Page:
Every new Bitcoin hardware wallet arriving on the market claims to be “the ultimate”, but how have these devices, still somewhat alien to the majority of Bitcoin users, progressed so far in 2016?
Hardware Wallets: Variations on a Theme?
Several years after pioneering model TREZOR reached the market, storing bitcoins on offline hardware can still – paradoxically – feel like a leap of faith in terms of security, as well as more hassle than logging into Blockchain.info with “simple” password entry.
Bitcoin.com took a look at 3 newcomers to the hardware scene this year, and their characteristics reveal not only crystallization of features and reliability but also that manufacturers are focusing on Bitcoin security like never before.
Homage to TREZOR
A good example of the “new standard” when it comes to cold storage can be found in KeepKey’s device. Bulkier and definitely more expensive than TREZOR or other well-known models such as Ledger, KeepKey is designed for at-home storage of larger volumes of currency.
The price is already a talking point – $239 USD at present, compared to $99 for TREZOR and a tiny $39 for Ledger’s Nano. For this, the specs are notably similar to TREZOR, with minor differences in security features and others such as multiple currency support still raising questions over the price point.
Reviews have simultaneously noted, however, that build quality and usability combine to give a tangibly more comfortable experience – a factor which ultimately lends itself to drawing the attention of less technically-minded Bitcoin holders.
Elsewhere, manufacturers are diversifying on top of industry stalwarts’ offerings in other ways. CoolWallet has created a credit card-sized device which can communicate with any NFC or Bluetooth-enabled device. This includes, of course, the average smartphone, making uber-secure mobile payments in BTC a real possibility for around $100.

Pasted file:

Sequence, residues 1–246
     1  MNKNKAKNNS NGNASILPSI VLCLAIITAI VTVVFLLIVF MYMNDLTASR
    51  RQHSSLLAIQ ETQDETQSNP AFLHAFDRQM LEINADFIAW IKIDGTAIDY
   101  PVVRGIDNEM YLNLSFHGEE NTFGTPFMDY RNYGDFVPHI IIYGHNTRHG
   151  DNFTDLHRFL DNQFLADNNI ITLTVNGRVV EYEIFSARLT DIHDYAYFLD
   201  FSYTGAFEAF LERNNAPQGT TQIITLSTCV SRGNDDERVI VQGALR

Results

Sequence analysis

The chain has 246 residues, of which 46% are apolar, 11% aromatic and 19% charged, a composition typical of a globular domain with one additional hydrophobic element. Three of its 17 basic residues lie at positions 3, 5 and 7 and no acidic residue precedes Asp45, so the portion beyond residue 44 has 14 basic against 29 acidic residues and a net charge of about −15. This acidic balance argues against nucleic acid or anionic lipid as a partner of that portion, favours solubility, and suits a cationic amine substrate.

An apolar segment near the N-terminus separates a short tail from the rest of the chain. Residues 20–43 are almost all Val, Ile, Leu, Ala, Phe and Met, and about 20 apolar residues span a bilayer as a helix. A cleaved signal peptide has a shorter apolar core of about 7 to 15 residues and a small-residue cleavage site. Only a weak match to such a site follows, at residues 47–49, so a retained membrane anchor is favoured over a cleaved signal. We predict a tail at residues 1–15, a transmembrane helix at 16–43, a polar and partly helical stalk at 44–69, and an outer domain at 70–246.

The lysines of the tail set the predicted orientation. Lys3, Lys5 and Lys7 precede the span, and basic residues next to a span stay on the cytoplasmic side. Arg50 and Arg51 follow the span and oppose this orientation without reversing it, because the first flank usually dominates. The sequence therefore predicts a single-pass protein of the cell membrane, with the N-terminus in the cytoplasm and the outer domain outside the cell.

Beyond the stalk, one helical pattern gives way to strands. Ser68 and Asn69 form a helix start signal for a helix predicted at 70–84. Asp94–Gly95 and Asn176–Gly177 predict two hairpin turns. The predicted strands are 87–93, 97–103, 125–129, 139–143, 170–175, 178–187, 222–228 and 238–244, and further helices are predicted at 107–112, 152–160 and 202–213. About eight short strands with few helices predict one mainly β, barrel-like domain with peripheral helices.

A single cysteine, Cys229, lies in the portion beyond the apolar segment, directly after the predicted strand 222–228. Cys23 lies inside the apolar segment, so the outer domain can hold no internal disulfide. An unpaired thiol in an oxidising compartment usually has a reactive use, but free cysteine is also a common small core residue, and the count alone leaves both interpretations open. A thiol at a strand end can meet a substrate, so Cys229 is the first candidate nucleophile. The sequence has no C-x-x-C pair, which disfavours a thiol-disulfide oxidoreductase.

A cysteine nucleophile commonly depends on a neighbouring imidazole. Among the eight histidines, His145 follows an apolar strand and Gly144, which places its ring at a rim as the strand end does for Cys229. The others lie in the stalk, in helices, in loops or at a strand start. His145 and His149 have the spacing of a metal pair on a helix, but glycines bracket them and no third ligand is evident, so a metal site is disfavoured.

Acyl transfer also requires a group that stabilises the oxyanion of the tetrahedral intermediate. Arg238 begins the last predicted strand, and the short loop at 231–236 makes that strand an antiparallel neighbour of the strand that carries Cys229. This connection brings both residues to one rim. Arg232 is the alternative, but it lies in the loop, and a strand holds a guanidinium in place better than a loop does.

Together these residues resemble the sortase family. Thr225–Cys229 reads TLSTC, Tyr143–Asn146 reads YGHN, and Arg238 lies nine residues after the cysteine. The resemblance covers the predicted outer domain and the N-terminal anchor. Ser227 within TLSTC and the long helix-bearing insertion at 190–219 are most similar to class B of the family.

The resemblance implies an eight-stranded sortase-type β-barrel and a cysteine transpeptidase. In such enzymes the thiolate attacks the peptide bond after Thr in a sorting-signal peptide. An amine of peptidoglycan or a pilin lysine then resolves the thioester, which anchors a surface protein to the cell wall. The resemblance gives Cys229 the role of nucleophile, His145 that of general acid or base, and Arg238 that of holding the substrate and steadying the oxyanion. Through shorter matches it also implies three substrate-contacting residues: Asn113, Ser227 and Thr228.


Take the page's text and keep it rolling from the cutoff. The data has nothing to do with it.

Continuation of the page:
The 360-Degree Security Game Continues
The question of how an offline wallet can provide infallible protection of digital currency wealth is, as ever, being addressed with ever more extravagant market offerings.
While these used to seem more for show than matching practical threats, this year seems to have more mature solutions becoming available. Hong Kong startup BitLox this week released its two “indestructible” wallets, encased in titanium and parading features users would likely not have considered to be necessary.
So-called “hidden wallets,” for example, allow users to keep funds in wallets indistinguishable from random code. “It is impossible to prove that these wallets even exist,” the company says. “This gives you perfect plausible deniability.”
BitLox even advocates keeping a small amount of BTC in an open wallet. “In the unlikely case of extortion or coercion, one could even reluctantly give up one hidden wallet,” it continues in a press release issued Monday. “But that’s OK, because the BitLox supports up to 50 hidden Bitcoin wallets for unprecedented privacy and security of users.”
How do you envisage Bitcoin storage security evolving? Do you think hardware wallets will become standard in some form, and do you plan on getting one? Share your thoughts in the comments section below!
Images courtesy of ihb.io, Coolbtcx.com, Bitlox.com, Ledgerwallet.com, keepkey.com
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